Anna Hazare's anti-corruption campaign
This month has been a significant one in India. A noted social activist Anna Hazare started an indefinite hunger fast to urge the government of India to speed up an anti-corruption bill. The bill has been pending in our parliment for decades now, as corruption persists everyday, everywhere. Millions of people have lost their lives because hospitals in India do not have staff, or refuse to treat patients without being given bribes. Millions of others have got absolutely no benifit from any of the government schemes as the money from the central exchequer is not reaching their towns. Thousands of Indians have been denied justice in the higher courts as cases have been pending and the judges and the people incharge are corrupt. Registering a single case in a police station has become imppossible withpout bribing the police officers.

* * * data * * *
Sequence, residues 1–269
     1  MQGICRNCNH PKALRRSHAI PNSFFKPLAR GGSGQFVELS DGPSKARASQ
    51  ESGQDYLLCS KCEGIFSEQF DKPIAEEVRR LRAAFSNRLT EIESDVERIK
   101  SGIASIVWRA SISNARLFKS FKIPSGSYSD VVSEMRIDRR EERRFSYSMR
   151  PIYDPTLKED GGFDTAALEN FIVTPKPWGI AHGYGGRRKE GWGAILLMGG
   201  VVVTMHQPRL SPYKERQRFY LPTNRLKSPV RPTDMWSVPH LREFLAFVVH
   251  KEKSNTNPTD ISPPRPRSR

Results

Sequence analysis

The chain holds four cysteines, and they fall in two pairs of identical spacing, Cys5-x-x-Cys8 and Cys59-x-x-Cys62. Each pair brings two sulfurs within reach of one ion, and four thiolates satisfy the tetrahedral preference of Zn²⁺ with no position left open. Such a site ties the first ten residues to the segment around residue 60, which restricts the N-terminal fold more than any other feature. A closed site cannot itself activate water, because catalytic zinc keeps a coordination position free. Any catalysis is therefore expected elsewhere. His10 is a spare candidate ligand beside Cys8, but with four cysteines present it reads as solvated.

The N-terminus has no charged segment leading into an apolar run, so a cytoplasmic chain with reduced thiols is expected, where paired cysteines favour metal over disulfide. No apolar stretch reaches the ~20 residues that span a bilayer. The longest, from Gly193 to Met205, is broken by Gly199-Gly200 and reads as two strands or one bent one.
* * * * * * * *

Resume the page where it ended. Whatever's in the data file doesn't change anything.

Anna Hazare's call for people to protest has received a tremendously good response. The middle class and the youth have taken to the streets demanding the anti-corruption bill (the lokpal bill) to be drafted soon.
But will a single bill do the trick? In a country with 1.2 billion people where corruption is rampant everywhere, starting from the smallest of government offices to the highest places, what can one lokpal bill do? It offers a platform for people to register their complaints. But unless action is taken on the corrupt official immediately, nothing is going to change. For this to happen, we need lokpal officers in every single village and town. These officers themselves must not heed to bribes.
Most importantly, the people need to wake up and learn to stand for their rights. Apart from the educated middle class, not many turned up for Hazare's protest. The rural people, the ones who suffer from corruption the most must realise the importance of this cause.
What is the best way to fight corruption in our case?